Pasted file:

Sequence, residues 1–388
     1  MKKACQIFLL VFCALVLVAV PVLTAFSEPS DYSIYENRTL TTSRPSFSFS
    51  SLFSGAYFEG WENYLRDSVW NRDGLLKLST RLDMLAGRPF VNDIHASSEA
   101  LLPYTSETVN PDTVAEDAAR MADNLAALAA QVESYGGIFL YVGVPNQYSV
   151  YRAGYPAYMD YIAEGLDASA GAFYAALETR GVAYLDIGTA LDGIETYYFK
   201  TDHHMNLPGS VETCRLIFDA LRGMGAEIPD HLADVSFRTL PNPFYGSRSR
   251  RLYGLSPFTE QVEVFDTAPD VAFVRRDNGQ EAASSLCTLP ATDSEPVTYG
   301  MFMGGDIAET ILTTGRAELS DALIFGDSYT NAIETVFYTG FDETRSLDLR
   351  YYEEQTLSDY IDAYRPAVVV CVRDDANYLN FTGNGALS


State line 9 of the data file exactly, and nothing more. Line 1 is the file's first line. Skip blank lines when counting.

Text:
   351  YYEEQTLSDY IDAYRPAVVV CVRDDANYLN FTGNGALS